Certainly in the ancient parts of Rome and other cities in Italy the streets and roads are tight, which is why there are so many Fiat 500s and other tiny city cars like Smart cars and Ligiers.  Driving the Amalfi Coast south of Naples, I ended up on parts of the road where the Mercedes A-class I was driving felt wide.. Though when I was in Rome I saw a Tahoe parked near the Colosseum...and many Grand Cherokees and Wranglers.  All depends on the particular section of a town or city and the particular road or street.  The freeways there and in France were great, IMO. 

    Edited by Cubical-aka-Moltar
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    Smart's European market share is 0.7%- not sure how that translates to "so many", but maybe in Rome for some buyers; OK.
    It's just my Hyperbole Meter bounces hard right when I read 'need a smaller model because all European roads & cities can't fit the current tiny cars being built over the last decade'.

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    1 minute ago, balthazar said:

    Smart's European market share is 0.7%- not sure how that translates to "so many", but maybe in Rome for some buyers; OK.
    It's just my Hyperbole Meter bounces hard right when I read 'need a smaller model because all European roads & cities can't fit the current tiny cars being built over the last decade'.

    Europeans in cities buy small, efficient cars.  CUVs are a growth niche there also.  They aren't going to be buying very many US sized SUVs and crossovers...it really is a different place.  

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    Not sure what 'American-sized' is supposed to mean exactly.  Like you have stated in the past, it's not 1960 anymore; every size class of vehicle is sold here, and none of the traditional attributes of US brands are really in effect; Buick hasn't offered a car "the size of a Buick" in decades. Encore is the same size as a Renegade (itself built in Italy).

    I feel that the sentiment is largely outmoded.

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    Hell, the whole Europeans only buy small auto's is BS. As long as they are socialist and take such a large chunk of a persons income to support the bulk of lazy gov and gov supported citizens, they are unable to buy larger more comfortable auto's.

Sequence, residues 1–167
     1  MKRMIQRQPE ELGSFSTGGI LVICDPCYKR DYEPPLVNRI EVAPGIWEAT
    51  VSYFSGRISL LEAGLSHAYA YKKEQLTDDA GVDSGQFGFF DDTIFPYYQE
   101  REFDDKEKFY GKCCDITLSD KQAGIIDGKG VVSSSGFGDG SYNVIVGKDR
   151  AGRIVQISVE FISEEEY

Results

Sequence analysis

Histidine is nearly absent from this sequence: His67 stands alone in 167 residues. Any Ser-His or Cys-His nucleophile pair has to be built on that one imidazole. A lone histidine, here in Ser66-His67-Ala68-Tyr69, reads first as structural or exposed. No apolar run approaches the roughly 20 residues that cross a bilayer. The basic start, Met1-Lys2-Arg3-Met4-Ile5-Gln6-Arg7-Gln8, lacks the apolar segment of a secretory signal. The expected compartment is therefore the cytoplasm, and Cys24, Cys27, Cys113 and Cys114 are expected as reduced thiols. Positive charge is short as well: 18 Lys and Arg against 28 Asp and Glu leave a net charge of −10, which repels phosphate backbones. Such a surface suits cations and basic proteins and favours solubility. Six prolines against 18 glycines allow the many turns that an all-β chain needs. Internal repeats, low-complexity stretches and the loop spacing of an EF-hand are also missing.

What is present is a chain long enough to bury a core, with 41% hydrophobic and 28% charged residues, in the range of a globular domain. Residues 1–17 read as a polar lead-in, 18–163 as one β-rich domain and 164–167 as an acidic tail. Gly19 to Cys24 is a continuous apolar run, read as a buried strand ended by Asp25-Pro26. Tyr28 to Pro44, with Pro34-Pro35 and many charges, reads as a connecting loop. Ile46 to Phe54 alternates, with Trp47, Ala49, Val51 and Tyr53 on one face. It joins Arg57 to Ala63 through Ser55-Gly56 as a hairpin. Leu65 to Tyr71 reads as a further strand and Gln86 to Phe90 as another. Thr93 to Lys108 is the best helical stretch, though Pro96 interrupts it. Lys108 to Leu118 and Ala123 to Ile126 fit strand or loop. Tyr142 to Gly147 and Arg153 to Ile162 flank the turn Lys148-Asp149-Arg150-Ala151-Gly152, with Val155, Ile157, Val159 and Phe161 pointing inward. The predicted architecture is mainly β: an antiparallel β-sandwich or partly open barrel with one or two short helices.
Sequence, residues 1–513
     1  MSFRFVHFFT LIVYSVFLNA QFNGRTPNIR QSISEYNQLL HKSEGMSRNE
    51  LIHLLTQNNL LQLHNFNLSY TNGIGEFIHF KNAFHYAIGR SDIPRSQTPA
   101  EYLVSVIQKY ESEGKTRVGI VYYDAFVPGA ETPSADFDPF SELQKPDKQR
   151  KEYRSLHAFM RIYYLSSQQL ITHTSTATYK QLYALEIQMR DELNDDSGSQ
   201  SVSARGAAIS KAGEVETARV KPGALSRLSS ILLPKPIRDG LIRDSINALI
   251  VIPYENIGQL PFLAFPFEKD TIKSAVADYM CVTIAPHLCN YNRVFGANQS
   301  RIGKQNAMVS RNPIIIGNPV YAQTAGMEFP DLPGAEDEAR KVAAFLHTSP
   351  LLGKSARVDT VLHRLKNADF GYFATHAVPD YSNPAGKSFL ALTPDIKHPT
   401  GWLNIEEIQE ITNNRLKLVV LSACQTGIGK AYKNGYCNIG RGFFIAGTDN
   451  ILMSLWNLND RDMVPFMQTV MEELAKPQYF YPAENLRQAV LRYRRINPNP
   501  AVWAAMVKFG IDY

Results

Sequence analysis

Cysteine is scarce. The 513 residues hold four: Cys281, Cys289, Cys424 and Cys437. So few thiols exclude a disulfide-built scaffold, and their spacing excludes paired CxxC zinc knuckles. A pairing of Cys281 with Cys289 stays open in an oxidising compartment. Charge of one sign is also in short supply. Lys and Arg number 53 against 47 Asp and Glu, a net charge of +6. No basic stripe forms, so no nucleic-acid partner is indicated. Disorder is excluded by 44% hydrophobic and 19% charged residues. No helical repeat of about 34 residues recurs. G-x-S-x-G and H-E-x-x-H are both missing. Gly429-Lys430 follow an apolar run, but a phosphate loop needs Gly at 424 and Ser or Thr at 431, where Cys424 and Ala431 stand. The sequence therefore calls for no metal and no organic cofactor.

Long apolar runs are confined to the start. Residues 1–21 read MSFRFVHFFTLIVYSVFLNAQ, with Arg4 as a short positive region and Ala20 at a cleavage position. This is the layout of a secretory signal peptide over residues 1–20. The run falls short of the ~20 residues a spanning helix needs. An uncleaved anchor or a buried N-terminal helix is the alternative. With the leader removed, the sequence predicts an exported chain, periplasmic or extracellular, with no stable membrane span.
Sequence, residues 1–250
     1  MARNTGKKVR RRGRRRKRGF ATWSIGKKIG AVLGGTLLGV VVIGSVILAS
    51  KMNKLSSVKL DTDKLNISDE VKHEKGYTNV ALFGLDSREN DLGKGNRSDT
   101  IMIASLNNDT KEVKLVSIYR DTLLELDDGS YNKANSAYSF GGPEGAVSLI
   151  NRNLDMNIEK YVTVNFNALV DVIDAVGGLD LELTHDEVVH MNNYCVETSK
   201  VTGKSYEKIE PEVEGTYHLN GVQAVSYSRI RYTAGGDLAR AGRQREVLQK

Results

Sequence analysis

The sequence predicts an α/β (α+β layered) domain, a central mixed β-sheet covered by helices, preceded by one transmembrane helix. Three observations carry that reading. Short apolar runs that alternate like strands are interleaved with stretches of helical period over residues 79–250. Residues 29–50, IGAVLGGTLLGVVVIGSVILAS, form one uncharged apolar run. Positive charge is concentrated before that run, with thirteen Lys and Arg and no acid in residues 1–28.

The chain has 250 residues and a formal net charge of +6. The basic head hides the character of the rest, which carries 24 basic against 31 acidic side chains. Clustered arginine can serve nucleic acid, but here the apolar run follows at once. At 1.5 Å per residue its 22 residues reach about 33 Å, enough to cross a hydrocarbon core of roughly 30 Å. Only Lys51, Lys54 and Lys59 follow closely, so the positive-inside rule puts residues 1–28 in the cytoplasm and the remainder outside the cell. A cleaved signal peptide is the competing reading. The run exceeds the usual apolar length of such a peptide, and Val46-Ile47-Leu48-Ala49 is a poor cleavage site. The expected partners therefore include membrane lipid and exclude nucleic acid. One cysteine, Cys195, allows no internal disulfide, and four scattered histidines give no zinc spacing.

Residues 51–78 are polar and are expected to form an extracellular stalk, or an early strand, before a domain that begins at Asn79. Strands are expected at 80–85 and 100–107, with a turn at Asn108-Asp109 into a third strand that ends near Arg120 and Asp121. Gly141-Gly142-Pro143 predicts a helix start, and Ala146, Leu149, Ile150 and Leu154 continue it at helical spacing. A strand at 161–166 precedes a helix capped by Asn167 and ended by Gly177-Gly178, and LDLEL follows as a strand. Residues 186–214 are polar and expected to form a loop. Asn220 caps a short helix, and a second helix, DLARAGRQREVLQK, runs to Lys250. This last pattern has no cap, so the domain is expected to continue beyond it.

I have talked with many coworkers who complain about how much the gov takes in taxes and as such liimits their ability to buy more things or higher quality things. It really does suck in various ways.

    Europe has plenty of cool things to visit, but would not ever want to live there.

    One has to wonder also if their current system is not a reason why road size sucks, Humanity has always rebuilt and changes things, staying static is a fast path to death.

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    19 minutes ago, dfelt said:

    Hell, the whole Europeans only buy small auto's is BS.  

    Actually, that is reality. If you look at any European country, vehicle sales are dominated by small, efficient vehicles.   They don't have the large truck and SUV culture the US has.  Different markets, different conditions.   So back on topic, if FCA thinks there is a market for a Jeep smaller that the Renegade, it could work in certain markets.   Asian markets as well. 

    Edited by Cubical-aka-Moltar
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    47 minutes ago, Cubical-aka-Moltar said:

    Actually, that is reality. If you look at any European country, vehicle sales are dominated by small, efficient vehicles.   They don't have the large truck and SUV culture the US has.  Different markets, different conditions.   So back on topic, if FCA thinks there is a market for a Jeep smaller that the Renegade, it could work in certain markets.   Asian markets as well.